Black Lives Matter Can’t Sue Trump Over 2020 Lafayette Square Clearing: Judge

June 22, 2021 Updated: June 22, 2021

A federal judge on Monday ruled that Black Lives Matter protesters cannot sue former President Donald Trump, former Attorney General William Barr, and other Trump administration officials for dispersing a crowd of demonstrators and agitators at Washington D.C.’s Lafayette Square last summer.

Judge Dabney L. Friedrich, an appointee of Trump, however, allowed Black Lives Matter’s case to proceed against D.C.’s Metropolitan Police Department. As Friedrich dismissed the majority of the cases, she noted that access to Lafayette Square has been continually restricted for more than a year after the unrest.

“To this day, over a year after the events of June 1, Lafayette Square remains subject to heightened restrictions that periodically limit protesters’ access to the Square,” Friedrich wrote (pdf).

The lawsuit was brought against Trump administration officials by the American Civil Liberties Union (ACLU) in representing Black Lives Matter, which alleged that the federal government violated the protesters’ rights during the demonstrations. Following the death of George Floyd last year, protests and riots erupted across the United States, including the nation’s capital, leading to arson attempts, injuries to police officers, and other acts of vandalism.

In their suit, Black Lives Matter and the ACLU alleged that officers used tear gas and other crowd control measures to remove them from the area. Around that time, media outlets and Democrat officials claimed that Trump authorized the removal of the protesters so that he could get his photo taken while holding a Bible near St. John’s Church, but a report released earlier this month from the Department of the Interior’s inspector general rebuffed those allegations and did not find Trump administration officials acted in such a manner.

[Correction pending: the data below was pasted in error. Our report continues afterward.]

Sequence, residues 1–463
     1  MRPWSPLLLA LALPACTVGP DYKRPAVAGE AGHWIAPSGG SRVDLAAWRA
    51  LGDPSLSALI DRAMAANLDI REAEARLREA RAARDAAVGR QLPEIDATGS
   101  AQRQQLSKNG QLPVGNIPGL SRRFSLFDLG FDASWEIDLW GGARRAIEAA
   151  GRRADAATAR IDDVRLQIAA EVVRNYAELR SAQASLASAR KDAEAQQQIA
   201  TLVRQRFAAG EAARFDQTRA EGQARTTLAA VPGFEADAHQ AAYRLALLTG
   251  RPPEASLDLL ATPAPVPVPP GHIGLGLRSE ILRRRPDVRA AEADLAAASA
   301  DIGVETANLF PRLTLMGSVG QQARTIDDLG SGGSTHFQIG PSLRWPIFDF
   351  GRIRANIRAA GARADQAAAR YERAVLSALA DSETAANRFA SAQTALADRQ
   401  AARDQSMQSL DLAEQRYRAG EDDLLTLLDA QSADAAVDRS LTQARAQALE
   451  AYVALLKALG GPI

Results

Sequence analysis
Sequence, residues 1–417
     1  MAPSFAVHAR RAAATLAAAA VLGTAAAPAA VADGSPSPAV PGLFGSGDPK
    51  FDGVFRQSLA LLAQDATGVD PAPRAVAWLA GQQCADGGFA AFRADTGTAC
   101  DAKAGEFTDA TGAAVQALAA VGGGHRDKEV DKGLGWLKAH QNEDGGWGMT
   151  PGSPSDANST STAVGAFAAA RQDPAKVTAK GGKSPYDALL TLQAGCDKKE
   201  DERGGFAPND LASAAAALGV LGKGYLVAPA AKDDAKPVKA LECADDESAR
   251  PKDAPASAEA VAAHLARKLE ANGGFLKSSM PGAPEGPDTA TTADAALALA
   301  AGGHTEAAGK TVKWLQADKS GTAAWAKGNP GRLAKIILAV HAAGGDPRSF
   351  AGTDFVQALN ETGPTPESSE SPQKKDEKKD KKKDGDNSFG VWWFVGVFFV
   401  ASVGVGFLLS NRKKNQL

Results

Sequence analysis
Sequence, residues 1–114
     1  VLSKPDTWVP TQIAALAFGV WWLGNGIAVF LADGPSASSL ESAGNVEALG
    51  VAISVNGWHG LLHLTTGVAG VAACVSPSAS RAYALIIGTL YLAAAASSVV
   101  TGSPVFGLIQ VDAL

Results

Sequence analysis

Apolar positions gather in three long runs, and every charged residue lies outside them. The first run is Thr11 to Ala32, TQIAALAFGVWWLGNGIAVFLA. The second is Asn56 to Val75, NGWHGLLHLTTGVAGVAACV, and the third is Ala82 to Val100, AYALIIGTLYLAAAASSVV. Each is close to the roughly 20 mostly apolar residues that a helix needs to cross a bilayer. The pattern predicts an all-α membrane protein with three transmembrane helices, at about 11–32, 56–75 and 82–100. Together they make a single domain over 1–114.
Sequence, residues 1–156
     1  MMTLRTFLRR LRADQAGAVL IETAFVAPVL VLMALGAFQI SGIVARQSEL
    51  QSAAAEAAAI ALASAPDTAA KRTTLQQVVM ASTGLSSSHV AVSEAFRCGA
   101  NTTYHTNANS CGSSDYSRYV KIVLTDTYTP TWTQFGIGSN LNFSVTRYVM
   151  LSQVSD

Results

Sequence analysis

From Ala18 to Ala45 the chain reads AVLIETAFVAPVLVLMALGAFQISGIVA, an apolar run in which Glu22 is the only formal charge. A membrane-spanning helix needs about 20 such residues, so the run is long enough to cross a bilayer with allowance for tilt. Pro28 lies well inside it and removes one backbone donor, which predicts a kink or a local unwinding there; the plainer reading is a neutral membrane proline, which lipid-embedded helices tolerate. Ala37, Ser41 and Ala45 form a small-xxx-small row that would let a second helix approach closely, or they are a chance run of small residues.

Andrew Jackson statue
Protesters attempt to pull down the statue of Andrew Jackson in Lafayette Square near the White House in Washington on June 22, 2020. (Drew Angerer/Getty Images)

And Friedrich noted that officers’ acted out of “national security considerations” by removing the protesters, but she added that the D.C. and Arlington police departments could face a lawsuit for violating demonstrators’ First Amendment rights.

“First, national security—specifically, the country’s national-security interest in the safety and security of the President and the area surrounding the White House—strongly weighs against creating a … remedy here,” the judge wrote.

“In this context, it matters not whether the national security risk actually justified the particular action taken,” Friedrich’s ruling stated, while adding that the question is about “whether ‘national-security concerns’ were present in the decision-making process the federal officials faced and thus ‘whether the Judiciary should alter the framework established by the political branches for addressing [similar] cases.’”

Any decision about managing crowd activity close to the White House, located near Lafayette Square, would have to also consider “public, presidential, and White House security interests,” according to her ruling.

In response to the judge’s decision, ACLU regional legal director Scott Michelman criticized the ruling as one that would give too much power to the federal government.

“Under today’s decision, Lafayette Square is now a Constitution-free zone when it comes to the actions of federal officials,” Michelman wrote in a statement on Monday. “Not only is this decision a stunning rejection of our constitutional values and protestors’ First Amendment rights, but it effectively places federal officials above the law.”

The Epoch Times has contacted the ACLU for comment.